Tweedy's delightful double bill

  • Tweedy the clown
  • Tweedy in Aladdin, Everyman Theatre Cheltenham
  • Waiting for Godot, Everyman Theatre Cheltenham

Our favourite clown sure is spending a lot of time in Cheltenham’s Everyman Theatre over the coming months - he’s just about to star in the riotous Christmas panto, Aladdin, before stepping out in Beckett’s iconic tragicomedy, Waiting for Godot, in February 2019. We caught up with the man himself shortly after the Giffords circus wagons stopped rolling.

Hello Tweedy. How have you been spending your time since the end of 2018’s Giffords Circus tour?

Building props for a new show that’s touring in February. I’ve got no other time to do it so I’m doing it now!

During our last interview - three years ago! - you told us that you’d long wanted to do Waiting for Godot. How would you describe the play to somebody unfamiliar with the material?

That’s a tricky question. There’s a classic quote about Godot: ‘Nothing happens - twice.’ And nothing much does happen, but it’s what the characters do and how they do it that makes it interesting. I’ve always been drawn to the characters - they’re very low status, down on their luck, just trying to pass the time. As we all do.

I should tell you how I became familiar with the play. Every year there’s a special memorial service that clowns go to, the annual Grimaldi memorial service in Haggerston. Around twelve years ago I went to the service and ended up chatting to the great award-winning clown/actor Bill Irwin (who is like a god to me!). Afterwards, we started hanging out a bit, and he got talking about the writer Samuel Beckett, and in particular Waiting for Godot, in which he’d once appeared alongside Steve Martin and Robin Williams.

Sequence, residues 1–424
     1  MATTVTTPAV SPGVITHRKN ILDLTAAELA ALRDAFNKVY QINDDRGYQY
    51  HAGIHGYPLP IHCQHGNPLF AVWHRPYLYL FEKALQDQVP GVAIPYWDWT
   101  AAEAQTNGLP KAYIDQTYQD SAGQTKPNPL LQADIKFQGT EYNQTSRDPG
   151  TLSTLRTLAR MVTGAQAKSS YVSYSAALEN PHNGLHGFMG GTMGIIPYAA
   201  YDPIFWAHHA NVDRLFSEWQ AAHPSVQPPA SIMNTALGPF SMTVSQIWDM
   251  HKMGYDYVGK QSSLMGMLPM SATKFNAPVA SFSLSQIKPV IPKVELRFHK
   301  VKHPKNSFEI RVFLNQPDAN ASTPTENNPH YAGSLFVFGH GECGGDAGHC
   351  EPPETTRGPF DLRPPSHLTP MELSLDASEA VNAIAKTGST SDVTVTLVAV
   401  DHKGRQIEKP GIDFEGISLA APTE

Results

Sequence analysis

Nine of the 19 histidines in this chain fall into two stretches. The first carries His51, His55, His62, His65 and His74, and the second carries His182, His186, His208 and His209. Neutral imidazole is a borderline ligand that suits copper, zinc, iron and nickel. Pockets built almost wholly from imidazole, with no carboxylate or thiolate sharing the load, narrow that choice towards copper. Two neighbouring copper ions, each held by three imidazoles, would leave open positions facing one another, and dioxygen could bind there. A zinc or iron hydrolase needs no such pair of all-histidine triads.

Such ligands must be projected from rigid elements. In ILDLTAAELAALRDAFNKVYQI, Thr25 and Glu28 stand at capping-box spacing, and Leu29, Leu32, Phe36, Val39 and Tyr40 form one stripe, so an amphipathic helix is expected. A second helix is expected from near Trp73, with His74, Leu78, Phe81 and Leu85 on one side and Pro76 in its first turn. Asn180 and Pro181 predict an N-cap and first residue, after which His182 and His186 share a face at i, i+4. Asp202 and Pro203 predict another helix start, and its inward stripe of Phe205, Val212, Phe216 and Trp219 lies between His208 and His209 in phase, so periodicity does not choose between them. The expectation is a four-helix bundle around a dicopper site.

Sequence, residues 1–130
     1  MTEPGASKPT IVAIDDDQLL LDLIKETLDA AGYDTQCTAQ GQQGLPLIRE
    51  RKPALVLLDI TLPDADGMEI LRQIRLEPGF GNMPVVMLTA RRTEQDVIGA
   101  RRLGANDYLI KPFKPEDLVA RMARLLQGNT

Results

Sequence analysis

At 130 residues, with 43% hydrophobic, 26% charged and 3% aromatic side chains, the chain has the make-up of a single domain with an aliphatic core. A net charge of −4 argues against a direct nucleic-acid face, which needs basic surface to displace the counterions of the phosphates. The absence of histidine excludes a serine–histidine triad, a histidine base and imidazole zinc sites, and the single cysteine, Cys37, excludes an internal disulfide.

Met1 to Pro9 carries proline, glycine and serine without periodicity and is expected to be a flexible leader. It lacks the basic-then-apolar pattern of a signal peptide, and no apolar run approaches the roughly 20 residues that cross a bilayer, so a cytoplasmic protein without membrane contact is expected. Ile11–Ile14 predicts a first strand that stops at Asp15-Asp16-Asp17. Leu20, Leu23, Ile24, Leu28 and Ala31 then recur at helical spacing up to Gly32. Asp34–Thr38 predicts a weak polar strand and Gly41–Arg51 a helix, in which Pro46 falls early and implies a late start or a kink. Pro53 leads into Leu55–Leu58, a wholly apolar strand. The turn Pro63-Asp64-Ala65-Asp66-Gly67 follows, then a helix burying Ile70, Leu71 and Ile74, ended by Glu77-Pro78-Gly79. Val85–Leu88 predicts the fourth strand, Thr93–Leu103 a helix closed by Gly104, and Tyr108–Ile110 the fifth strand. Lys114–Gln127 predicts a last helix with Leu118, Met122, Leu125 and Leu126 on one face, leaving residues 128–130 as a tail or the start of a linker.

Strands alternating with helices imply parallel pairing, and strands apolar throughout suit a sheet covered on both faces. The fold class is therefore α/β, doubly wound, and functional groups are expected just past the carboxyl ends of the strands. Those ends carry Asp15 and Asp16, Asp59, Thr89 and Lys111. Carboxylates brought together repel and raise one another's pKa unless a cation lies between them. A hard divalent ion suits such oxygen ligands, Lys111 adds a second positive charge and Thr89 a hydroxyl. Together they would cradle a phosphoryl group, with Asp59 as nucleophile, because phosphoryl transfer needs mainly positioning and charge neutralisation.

Later, in 2009, I was in America performing at Madison Square Garden - while, at the same time, Bill was doing Waiting for Godot in Broadway.

Before Godot, of course, you’re starring in the Everyman’s Christmas pantomime, Aladdin. What’s the trickiest thing about pulling off a good Christmas panto?

Actually I had a meeting yesterday with the director Peter Duncan and the set designers and builders, who were in the middle of building a set. It’s great to have these big ideas, and the theatre behind your ideas, but when you get a big set built, you then have the pressure of actually making it work - to justify all the gadgets you’ve put in it. Making the grand idea physically work…that’s the tricky thing.

What was your first ever panto like?

My first ever panto was really one of my first ever jobs. I was seventeen; I’d just left school. I knew that I wanted to do clowning, but I was unsure how I’d get into it. So I was doing youth theatre when I was first offered a panto, in the very same theatre. That was when I first thought: ‘Wow, I can actually make money doing this!’ [Laughs]. That’s really what got me going, and made me determined to actually become a clown.

By our estimation, your clowning career is almost twenty-five years old

Yeah! It’s got to the point where the people who saw me as kids are now bringing their kids, and that makes me feel very old. But it’s amazing at the same time to see that happening.

As an upstart, you researched the job by sending a questionnaire to well-known clowns. Now that you’re something of a ‘statesman’ of clowning yourself, are you ever approached for advice?

I’m about to do the old man thing, and go: ‘Oh, it was much harder in my day!’ But it really is so much easier now - now you can just Google it. But yes, I do get asked for advice…which I’m happy to give, as I was once in the same situation.

So tell us a little about this new touring show you’re working on.

It’s called Tweedy’s Illusion Confusion. It’s a magic show with lots of new tricks and illusions. The premise is that my assistant never turns up, so I have to do lots of tricks without the help of my assistant. It’ll be at the Everyman in Cheltenham, at the Chipping Norton Theatre, at Swindon, Banbury and the Subscription Rooms in Stroud. [Keep watching for dates!]

There’s a question we’ve been dying to ask about Keef, your pet clothes iron, co-star of many Tweedy performances - is he the same model every time, or do you get the occasional upgrade?

Keef is like Doctor Who. He needs a ‘refresh’ every now and again.

Aladdin plays at the Everyman Theatre in Cheltenham from 30 Nov 2018 - 13 Jan 2019. Waiting for Godot plays at the Everyman Theatre in Cheltenham 7-16 Feb 2019. Visit for booking and for more information.